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International Journal of Biomedical Imaging
Volume 2008 (2008), Article ID 143238, 7 pages
Research Article

Repetitive Transcranial Magnetic Stimulation of Dorsolateral Prefrontal Cortex Affects Performance of the Wisconsin Card Sorting Task during Provision of Feedback

1Montreal Neurological Institute, McGill University, Montréal, PQ, Canada H3A 2B4
2PET Imaging Centre, Centre for Addiction and Mental Health, University of Toronto, Toronto, ON, Canada M5T 1R8
3Functional Neuroimaging Unit, Geriatric’s Institute, University of Montréal, Montréal, PQ, Canada H3W 1W5
4Toronto Western Research Institute and Hospital, University of Toronto, Toronto, ON, Canada M5T 2S8

Received 20 October 2007; Accepted 22 December 2007

Academic Editor: Julien Doyon

Copyright © 2008 Ji Hyun Ko et al. This is an open access article distributed under the Creative Commons Attribution License, which permits unrestricted use, distribution, and reproduction in any medium, provided the original work is properly cited.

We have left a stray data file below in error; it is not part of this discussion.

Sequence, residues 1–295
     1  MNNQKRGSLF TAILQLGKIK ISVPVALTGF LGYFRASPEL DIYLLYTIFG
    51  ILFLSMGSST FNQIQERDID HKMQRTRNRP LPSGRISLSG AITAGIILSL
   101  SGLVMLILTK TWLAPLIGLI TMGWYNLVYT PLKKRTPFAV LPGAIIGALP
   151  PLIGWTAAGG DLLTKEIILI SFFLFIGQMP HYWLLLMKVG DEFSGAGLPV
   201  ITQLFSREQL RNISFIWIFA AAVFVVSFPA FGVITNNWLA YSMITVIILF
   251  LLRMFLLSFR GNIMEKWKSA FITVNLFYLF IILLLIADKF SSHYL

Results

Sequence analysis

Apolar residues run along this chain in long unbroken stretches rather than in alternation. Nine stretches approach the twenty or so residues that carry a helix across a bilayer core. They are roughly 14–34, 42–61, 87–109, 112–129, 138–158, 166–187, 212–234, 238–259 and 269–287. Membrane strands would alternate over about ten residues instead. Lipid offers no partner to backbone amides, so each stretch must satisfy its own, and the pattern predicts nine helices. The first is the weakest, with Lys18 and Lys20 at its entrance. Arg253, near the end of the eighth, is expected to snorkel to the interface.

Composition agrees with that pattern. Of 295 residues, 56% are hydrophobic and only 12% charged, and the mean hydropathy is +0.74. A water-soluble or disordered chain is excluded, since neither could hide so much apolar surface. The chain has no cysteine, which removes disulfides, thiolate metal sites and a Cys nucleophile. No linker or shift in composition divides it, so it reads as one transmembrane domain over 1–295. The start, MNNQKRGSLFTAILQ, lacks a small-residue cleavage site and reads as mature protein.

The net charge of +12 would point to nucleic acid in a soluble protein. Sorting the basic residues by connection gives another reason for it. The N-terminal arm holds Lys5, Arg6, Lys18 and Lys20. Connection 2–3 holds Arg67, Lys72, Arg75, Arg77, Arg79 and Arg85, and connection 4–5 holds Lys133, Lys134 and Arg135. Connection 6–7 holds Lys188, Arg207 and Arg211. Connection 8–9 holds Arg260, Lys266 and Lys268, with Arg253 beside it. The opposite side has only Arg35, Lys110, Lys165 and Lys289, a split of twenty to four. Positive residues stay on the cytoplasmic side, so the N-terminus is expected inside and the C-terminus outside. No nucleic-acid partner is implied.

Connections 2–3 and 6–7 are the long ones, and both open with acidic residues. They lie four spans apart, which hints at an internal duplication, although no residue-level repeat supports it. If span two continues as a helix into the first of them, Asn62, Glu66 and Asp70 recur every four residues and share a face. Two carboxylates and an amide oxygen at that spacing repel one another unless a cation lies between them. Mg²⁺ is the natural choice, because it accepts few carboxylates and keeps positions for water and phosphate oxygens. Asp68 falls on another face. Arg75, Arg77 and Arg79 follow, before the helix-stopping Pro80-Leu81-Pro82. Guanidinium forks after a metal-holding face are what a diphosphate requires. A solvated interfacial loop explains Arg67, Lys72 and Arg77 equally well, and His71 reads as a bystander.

Early functional neuroimaging studies of tasks evaluating executive processes, such as the Wisconsin card sorting task (WCST), only assessed trials in blocks that may contain a large amount of different cognitive processes. More recently, we showed using event-related fMRI that the dorsolateral prefrontal cortex (DL-PFC) significantly increased activity during feedback but not matching periods of the WCST, consistent with its proposed role in the monitoring of information in working memory. Repetitive transcranial magnetic stimulation (rTMS) is a method that allows to disrupt processing within a given cortical region and to affect task performance for which this region is significantly solicited. Here we applied rTMS to test the hypothesis that the DL-PFC stimulation influences monitoring of working memory without interfering with other executive functions. We applied rTMS to the right DL-PFC and the vertex (control site) in different time points of the WCST. When rTMS was applied to the DL-PFC specifically during the period when subjects were receiving feedback regarding their previous response, WCST performance deteriorated, while rTMS did not affect performance during matching either when maintaining set or during set-shifting. This selective impairment of the DL-PFC is consistent with its proposed role in monitoring of events in working memory.